Ever since I was young, I loved to write. I wrote in several volumes of journals, which I still have in my attic. I made up stories about talking animals and created booklets of poems inspired by pictures I cut out of magazines. I spent my babysitting money on Nancy Drew mysteries and hung out at the county library in our small town of Terra Bella, California, in the Central Valley, because the library was air-conditioned in the summertime. When I went to college, I loved reading Robert Frost, John Steinbeck and Ernest Hemingway. I always knew I wanted to go to a creative writing program after college, but I wanted to experience the world and be of service to people before going to graduate school. When I first saw the television commercial for the Peace Corps – the toughest job you’ll ever love – I knew that was the place for me. Unfortunately, I wasn’t accepted my last year at the University of California at Davis, but as they say, when one door closes a window opens.
I spent the next two years as a volunteer with the Jesuit Volunteer Corps. I embraced the four tenets of JVC – social justice, community, spirituality, and simple lifestyle. My first year beginning in the fall of 1987 I was a librarian and math tutor at St. Mary’s School, which was a boarding school for Yup’ik Eskimo students at the mission run by the Jesuits in St. Mary’s, Alaska. I learned a lot about the Yup’ik community and experienced the phenomenon of volunteers receiving more than they give. My second year I was a newspaper editor for an organization that helped prisoners in California with legal and medical issues and the organization’s co-founder, who was a Jesuit priest and attorney based in San Francisco. One of the highlights of my second year was participating in a fundraiser where I met Sister Helen Prejean, who worked with Death Row inmates and wrote about her experiences in her book Dead Man Walking.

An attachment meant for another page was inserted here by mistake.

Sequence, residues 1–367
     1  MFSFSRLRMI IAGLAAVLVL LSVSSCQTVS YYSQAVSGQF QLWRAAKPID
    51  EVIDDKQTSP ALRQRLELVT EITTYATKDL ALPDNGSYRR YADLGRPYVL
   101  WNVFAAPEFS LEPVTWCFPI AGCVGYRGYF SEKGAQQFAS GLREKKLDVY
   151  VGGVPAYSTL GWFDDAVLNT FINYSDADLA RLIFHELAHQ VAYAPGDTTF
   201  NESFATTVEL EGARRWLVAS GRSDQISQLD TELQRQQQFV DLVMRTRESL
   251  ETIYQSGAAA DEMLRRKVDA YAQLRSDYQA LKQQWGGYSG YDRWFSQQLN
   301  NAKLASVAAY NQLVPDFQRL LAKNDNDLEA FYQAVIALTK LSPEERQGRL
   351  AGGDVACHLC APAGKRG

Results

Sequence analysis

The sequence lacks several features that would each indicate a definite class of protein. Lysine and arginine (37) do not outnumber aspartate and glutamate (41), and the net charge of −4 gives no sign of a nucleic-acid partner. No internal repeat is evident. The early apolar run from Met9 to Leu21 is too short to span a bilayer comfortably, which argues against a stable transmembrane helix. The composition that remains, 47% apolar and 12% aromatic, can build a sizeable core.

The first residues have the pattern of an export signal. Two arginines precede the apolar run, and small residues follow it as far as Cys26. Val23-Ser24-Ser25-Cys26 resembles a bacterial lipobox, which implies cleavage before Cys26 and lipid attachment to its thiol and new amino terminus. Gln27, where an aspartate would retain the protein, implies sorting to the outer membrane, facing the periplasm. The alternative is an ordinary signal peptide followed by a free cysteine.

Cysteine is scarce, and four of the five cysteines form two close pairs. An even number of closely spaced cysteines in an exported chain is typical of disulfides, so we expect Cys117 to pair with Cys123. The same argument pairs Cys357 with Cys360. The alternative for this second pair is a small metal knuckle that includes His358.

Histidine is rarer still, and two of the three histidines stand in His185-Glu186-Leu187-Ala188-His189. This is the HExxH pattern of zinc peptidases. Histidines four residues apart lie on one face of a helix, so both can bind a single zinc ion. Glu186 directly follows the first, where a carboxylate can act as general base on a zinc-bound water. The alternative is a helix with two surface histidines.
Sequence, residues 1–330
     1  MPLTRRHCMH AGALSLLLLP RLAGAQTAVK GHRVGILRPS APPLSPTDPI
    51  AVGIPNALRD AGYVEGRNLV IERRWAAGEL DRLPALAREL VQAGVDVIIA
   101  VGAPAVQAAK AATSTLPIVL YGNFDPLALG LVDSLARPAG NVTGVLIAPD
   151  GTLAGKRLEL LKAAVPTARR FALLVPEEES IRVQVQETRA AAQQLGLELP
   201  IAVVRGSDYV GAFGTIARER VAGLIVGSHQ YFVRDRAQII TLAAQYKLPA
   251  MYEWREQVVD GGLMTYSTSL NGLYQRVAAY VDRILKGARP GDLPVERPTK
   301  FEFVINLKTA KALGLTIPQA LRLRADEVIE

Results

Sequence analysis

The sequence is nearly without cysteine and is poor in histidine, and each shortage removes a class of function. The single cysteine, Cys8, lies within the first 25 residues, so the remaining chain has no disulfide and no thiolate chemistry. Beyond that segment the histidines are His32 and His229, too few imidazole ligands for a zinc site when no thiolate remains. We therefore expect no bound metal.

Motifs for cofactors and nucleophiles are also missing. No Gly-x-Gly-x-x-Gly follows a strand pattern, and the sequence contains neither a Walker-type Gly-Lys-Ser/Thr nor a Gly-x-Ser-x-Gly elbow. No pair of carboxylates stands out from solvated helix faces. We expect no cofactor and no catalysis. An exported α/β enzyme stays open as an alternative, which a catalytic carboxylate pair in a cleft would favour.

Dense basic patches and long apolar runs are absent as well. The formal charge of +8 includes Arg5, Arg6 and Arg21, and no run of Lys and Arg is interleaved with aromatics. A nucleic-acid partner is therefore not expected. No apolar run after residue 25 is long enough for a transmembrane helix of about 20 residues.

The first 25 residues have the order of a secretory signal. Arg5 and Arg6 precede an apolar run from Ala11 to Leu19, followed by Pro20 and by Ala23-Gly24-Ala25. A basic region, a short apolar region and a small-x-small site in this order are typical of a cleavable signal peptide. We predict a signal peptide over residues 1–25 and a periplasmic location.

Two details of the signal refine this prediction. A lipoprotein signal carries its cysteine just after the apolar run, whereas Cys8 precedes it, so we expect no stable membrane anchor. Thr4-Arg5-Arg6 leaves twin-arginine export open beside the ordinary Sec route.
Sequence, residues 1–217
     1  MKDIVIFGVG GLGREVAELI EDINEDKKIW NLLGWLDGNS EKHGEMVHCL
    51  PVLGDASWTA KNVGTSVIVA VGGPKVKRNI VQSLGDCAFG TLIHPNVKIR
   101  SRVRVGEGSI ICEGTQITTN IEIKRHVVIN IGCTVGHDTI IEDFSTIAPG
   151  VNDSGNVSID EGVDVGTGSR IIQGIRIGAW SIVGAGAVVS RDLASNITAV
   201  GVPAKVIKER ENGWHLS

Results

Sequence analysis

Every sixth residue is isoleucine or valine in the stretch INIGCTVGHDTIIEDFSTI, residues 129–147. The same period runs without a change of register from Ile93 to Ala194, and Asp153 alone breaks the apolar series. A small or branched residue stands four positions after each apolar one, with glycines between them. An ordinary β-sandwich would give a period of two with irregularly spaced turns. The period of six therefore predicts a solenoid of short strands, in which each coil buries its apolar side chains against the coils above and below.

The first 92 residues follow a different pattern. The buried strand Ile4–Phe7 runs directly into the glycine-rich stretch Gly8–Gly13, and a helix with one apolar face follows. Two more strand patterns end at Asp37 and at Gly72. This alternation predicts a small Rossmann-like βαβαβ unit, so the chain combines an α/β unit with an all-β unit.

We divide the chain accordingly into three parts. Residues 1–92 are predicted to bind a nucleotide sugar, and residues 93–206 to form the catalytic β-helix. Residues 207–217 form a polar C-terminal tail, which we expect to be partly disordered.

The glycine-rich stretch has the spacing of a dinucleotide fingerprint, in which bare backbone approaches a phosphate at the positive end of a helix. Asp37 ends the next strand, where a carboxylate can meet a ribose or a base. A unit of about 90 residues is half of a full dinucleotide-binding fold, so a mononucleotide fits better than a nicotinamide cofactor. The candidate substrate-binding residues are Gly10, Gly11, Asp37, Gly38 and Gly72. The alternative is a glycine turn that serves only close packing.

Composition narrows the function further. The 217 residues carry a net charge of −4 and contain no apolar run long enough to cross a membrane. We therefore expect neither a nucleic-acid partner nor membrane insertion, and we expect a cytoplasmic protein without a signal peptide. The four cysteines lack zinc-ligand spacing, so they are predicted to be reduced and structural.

After the end of my second year of JVC, I drove across country to attend the creative writing program at Syracuse University in upstate New York and be a teaching assistant for the English Department. I met some amazing writers and friends, who are still my writing mentors to this day, and I learned a lot about the craft of writing. I drove across country after receiving my degree and returned to San Francisco. I got a job and got married, which lasted four years.
A few jobs later, I remarried and now live in the East Bay with my husband, two children and dog. I started my first novel in 1997 and will finish the final draft in early 2013. The novel is about the Filipino immigrant farm workers who started the Great Delano Grape Strike of 1965-1966, which honors my parents and our Filipino community in Terra Bella. I plan to return to my second novel, which I started in 2006, in 2013, as well.
And finally, I blog about how it’s never too late to do what you’ve always wanted to do and, quoting George Eliot, it’s never too late to be who you might have been. The Scottish novelist Muriel Spark advises to “be on the alert to recognize your prime at whatever time of your life it may occur.” I celebrate 50 and beyond as my prime.